Derek Thompson looks at what the Ryan budget does and doesn’t cut:
[T]his budget is as notable for what it cuts as for what it doesn’t cut. Social Security, defense, and Medicare — together making up about half of the federal budget — would scarcely be cut at all. After all, it’s hard to win a Republican election if you abandon old voters and the defense industry. As for health care and cash support for the poor? That’s where the hammer hits.
Jon Cohn adds:
The report’s distinct treatment of defense and non-defense spending is actually a great window into Ryan’s fundamental philosophy. The section on defense spending has long passages about the importance of national security and the dangers of intemperate cuts. Rooting out waste is important, the document says, but it must be done carefully. The section on the social safety net has virtually no similar language. A reader unfamiliar with the reality of American life would have no idea that millions of Americans live in poverty—that they struggle, every day, to pay for bare necessities like gas, rent, and food. Of course, if “The Path to Prosperity” mentioned those things, readers might want to know what Ryan proposed to do about them. But Ryan doesn’t propose meaningful substitutes for the support he’d take away. Instead, he puts his faith in the strength of individuals and communities to help those who struggle.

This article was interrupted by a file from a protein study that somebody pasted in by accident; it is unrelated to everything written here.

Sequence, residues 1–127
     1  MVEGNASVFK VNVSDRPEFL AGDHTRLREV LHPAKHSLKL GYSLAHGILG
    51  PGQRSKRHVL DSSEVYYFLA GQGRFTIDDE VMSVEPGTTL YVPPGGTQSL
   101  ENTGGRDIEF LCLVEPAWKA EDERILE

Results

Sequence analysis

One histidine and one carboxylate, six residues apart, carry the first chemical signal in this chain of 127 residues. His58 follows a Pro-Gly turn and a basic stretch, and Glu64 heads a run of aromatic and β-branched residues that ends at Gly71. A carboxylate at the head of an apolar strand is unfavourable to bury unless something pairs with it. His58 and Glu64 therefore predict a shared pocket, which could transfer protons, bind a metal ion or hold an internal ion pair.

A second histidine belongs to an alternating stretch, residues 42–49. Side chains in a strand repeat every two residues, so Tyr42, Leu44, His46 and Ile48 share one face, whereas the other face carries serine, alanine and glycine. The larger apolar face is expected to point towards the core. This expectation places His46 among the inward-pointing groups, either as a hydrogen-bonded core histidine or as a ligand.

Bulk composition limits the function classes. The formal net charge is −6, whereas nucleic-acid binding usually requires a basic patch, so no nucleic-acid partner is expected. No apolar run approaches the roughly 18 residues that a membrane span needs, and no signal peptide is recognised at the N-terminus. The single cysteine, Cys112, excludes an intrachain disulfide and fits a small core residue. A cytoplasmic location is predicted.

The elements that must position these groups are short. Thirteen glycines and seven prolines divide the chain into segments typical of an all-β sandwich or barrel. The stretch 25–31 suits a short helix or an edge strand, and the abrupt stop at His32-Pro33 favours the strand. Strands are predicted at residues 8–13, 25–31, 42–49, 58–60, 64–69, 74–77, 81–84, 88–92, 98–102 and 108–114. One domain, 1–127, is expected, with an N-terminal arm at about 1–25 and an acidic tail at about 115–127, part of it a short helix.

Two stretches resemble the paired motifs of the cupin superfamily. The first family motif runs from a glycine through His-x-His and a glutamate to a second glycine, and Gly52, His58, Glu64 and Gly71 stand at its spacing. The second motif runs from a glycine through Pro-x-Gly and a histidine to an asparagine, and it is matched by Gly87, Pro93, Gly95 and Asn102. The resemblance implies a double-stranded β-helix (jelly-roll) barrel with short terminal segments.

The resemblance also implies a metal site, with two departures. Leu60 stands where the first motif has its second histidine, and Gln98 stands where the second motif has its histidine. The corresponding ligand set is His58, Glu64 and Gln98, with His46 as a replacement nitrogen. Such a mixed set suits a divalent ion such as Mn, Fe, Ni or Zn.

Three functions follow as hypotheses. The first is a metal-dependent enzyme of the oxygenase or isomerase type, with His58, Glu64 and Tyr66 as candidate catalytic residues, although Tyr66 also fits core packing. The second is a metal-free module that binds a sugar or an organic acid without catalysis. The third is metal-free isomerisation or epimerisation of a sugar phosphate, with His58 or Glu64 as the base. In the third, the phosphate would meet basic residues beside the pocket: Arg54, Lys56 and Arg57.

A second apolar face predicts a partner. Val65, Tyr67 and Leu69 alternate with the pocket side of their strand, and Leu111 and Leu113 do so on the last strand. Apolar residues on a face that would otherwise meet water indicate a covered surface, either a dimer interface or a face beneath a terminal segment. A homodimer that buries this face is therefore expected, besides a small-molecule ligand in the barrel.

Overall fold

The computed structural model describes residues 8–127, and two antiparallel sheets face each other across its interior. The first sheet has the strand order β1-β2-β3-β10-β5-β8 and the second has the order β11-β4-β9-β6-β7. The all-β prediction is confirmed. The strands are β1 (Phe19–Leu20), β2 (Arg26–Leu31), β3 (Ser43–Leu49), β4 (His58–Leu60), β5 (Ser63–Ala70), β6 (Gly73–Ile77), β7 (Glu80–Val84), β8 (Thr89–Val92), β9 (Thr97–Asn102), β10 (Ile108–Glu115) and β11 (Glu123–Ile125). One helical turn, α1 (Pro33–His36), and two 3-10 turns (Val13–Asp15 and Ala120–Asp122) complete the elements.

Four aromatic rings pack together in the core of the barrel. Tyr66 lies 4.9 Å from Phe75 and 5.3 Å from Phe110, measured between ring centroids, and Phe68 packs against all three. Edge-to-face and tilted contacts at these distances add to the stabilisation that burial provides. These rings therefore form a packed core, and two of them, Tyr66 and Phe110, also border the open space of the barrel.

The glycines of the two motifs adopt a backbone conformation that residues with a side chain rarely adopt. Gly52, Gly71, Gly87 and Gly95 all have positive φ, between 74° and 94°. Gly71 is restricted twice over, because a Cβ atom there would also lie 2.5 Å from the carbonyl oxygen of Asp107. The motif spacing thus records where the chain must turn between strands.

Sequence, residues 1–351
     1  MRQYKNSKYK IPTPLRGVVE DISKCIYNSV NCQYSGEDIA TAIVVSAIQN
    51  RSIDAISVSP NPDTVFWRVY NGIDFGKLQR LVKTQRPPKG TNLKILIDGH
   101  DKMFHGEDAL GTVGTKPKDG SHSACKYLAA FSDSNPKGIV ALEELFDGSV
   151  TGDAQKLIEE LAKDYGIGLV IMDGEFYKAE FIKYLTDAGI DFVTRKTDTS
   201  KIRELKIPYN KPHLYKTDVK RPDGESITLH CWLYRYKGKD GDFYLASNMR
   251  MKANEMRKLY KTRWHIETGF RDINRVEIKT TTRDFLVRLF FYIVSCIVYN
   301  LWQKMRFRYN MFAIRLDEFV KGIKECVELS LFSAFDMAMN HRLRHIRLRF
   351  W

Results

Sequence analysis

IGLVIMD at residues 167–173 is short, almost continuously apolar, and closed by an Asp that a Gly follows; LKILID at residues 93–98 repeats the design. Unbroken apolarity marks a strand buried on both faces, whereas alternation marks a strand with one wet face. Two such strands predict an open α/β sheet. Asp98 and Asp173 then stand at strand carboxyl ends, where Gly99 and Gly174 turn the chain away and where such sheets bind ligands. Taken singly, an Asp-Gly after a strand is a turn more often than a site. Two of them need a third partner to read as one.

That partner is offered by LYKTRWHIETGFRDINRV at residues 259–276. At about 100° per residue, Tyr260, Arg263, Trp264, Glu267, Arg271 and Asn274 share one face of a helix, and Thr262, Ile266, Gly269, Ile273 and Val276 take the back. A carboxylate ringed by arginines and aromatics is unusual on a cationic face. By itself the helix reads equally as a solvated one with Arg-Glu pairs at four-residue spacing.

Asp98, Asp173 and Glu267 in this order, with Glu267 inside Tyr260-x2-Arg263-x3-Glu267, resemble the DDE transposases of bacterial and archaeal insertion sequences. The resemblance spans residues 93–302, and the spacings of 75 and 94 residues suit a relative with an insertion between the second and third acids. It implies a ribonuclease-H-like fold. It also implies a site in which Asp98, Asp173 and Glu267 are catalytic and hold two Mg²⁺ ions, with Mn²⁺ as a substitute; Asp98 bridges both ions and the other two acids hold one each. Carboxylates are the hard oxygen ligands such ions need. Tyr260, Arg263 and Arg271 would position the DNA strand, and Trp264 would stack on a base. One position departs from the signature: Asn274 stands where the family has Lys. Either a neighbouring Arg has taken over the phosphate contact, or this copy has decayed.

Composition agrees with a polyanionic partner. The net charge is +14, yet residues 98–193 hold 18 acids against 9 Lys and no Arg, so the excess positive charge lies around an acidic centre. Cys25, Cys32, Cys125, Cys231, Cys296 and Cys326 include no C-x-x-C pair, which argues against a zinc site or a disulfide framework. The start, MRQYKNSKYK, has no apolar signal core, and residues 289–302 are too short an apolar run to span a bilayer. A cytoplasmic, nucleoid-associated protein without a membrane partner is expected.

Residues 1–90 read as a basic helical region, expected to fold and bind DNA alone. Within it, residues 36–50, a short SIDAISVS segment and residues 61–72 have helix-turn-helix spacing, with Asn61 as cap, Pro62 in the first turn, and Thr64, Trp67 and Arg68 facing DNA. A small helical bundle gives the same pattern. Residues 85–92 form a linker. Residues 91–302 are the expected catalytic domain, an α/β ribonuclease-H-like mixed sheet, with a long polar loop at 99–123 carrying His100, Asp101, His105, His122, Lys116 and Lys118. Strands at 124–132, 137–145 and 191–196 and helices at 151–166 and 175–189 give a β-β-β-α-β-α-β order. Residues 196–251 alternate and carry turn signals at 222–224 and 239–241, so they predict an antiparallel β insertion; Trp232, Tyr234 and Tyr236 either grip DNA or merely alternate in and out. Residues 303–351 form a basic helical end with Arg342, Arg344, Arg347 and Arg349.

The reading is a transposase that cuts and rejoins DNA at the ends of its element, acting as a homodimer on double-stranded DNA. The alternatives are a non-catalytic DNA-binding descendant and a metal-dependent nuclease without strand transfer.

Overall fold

The absence of defense cuts reveals that this is not about fiscal conservatism; it’s about a society that celebrates soaring inequality while attempting to remain the sole global hegemon. It’s almost a parody of a document of how a democracy perishes – because its social contract ends with two utterly separate nations of “hyper-rich” and “always-struggling”, it delegitimizes capitalism by rewarding and even celebrating its abusers, and because its premature austerity could well increase the long-term debt, rather than lower it.
It’s a high school term paper of utopianism. And it’s all Paul Ryan knows.